Rubella's Birth Defects Nearly Gone
Congenital Rubella Syndrome 'Almost a Thing of the Past' in U.S., Experts Say
WebMD News Archive
April 7, 2006 -- U.S. health experts have announced that congenital rubella
syndrome has virtually been eliminated in the U.S.
The announcement was made in the journal Birth Defects Research (Part
A): Clinical and Molecular Teratology. "Teratology" is the study
of birth defects.
"We are always pleased when we can broadcast good news. And today, we
can," birth defects experts state in the journal. "Effectively,
congenital rubella syndrome has been nearly eradicated from the United
The statement was endorsed by these scientific societies: the Teratology
Society, the Organization of Teratology Information Specialists, the
Neurobehavioral Teratology Society, and the Behavioral Toxicology Society.
The experts included Anthony Scialli, MD, of Sciences International in
About Congenital Rubella Syndrome
"Congenital rubella syndrome is one of the types of birth defects that
we know how to prevent," write Scialli and colleagues.
They explain that "congenital rubella syndrome occurs when pregnant
women are infected with the rubella (German measles) virus, and immunization
with rubella vaccine in the prepregnancy years prevents it." Babies born
with congenital rubella syndrome may have deafness, blindness, and congenital
Thanks to rubella vaccination, U.S. reports of rubella and congenital
rubella syndrome have become very rare, the experts note.
"Reported rubella cases in the United States are now down to fewer than
10 cases last year, and in the past five years there have been only four cases
of congenital rubella syndrome reported in the United States, and only one was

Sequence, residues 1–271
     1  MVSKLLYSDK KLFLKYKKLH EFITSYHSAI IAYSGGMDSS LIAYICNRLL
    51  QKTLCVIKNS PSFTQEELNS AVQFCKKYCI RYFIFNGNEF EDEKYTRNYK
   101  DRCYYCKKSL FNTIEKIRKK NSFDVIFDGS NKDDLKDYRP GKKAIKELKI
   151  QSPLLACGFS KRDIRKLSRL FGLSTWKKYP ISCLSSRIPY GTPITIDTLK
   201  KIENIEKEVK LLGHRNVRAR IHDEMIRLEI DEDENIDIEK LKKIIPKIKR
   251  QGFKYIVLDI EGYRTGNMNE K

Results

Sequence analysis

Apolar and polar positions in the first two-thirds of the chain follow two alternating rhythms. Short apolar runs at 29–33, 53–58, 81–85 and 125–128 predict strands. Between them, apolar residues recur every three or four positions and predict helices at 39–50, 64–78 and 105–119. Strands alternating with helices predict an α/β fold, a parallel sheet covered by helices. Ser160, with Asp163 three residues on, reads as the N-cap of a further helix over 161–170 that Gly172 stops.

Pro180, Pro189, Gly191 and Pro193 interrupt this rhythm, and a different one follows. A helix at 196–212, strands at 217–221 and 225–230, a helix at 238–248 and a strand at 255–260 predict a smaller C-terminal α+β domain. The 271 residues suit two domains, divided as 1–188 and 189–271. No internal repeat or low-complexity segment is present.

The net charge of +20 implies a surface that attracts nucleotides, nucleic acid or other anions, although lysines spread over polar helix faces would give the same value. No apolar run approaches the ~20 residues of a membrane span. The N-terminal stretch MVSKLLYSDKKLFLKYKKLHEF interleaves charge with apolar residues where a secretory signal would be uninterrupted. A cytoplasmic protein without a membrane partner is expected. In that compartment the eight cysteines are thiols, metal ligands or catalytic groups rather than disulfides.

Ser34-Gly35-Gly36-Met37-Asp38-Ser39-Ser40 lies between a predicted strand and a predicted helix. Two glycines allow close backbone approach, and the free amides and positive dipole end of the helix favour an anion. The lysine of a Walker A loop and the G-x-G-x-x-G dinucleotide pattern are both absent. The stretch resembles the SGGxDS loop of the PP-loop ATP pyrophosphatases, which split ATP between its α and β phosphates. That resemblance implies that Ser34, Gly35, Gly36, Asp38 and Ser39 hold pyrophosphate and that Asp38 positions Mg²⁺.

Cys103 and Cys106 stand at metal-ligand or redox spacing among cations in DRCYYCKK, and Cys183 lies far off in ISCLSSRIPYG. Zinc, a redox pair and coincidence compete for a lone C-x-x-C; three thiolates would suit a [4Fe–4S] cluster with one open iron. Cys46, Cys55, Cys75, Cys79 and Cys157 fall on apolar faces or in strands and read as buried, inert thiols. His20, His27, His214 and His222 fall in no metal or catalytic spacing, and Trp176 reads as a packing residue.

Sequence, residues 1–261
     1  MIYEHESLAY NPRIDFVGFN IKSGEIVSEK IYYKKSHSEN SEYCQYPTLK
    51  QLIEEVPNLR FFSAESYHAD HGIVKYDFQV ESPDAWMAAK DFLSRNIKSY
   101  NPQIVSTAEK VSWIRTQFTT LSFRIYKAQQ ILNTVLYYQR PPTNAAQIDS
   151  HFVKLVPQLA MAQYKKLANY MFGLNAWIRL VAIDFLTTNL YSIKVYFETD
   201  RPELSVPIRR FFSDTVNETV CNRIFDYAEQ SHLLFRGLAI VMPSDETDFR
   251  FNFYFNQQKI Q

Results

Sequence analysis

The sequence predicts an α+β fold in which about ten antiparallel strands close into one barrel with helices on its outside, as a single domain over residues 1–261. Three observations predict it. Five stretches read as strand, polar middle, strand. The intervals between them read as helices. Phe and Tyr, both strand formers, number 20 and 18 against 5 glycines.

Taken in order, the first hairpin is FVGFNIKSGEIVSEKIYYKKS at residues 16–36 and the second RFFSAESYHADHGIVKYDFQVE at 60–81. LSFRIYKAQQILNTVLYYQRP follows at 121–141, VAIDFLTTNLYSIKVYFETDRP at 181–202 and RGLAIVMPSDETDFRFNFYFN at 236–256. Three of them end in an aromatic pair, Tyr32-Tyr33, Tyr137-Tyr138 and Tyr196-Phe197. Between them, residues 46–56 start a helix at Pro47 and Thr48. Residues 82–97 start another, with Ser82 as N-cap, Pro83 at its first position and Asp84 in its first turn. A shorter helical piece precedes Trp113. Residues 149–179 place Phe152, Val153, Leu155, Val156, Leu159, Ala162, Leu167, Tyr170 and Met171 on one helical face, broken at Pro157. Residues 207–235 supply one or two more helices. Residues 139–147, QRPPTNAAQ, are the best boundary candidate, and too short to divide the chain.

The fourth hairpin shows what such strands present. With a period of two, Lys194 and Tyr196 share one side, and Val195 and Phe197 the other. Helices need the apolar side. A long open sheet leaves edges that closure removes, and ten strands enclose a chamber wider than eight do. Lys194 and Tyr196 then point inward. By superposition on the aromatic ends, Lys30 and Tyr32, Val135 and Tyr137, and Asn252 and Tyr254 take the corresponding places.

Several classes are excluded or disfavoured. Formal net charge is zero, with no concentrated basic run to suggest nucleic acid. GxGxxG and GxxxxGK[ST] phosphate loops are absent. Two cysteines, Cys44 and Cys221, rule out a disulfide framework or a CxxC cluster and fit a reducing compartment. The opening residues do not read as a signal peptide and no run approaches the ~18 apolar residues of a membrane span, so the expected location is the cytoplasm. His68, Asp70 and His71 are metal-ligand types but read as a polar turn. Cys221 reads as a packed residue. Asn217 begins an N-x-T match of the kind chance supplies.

a child whose mother had been born in the United States," according to the
Vaccination Is the Key
Vaccination against rubella should remain a top priority, the experts write.
They call for "effective strategies" to make sure countries worldwide
also succeed in rubella vaccination.
In the U.S., the CDC recommends that all children get two doses of the
measles-mumps-rubella (MMR) vaccine. The first dose should be given when the
child is 12-15 months old; the second dose at 4-6 years.
"These are the recommended ages," the CDC's web site states.
"But children can get the second dose at any age, as long as it is at least
28 days after the first dose."
"Some adults should also get MMR vaccine," the CDC also notes.
"Generally, anyone 18 years of age or older, who was born after 1956,
should get at least one dose of MMR vaccine, unless they can show that they
have either had the vaccines or the diseases."
However, the MMR vaccine isn't given to some people, including pregnant
women and people with certain allergic reactions. Due to the risk of birth
defects, the CDC advises women to avoid getting pregnant for at least four
weeks after getting the MMR vaccine.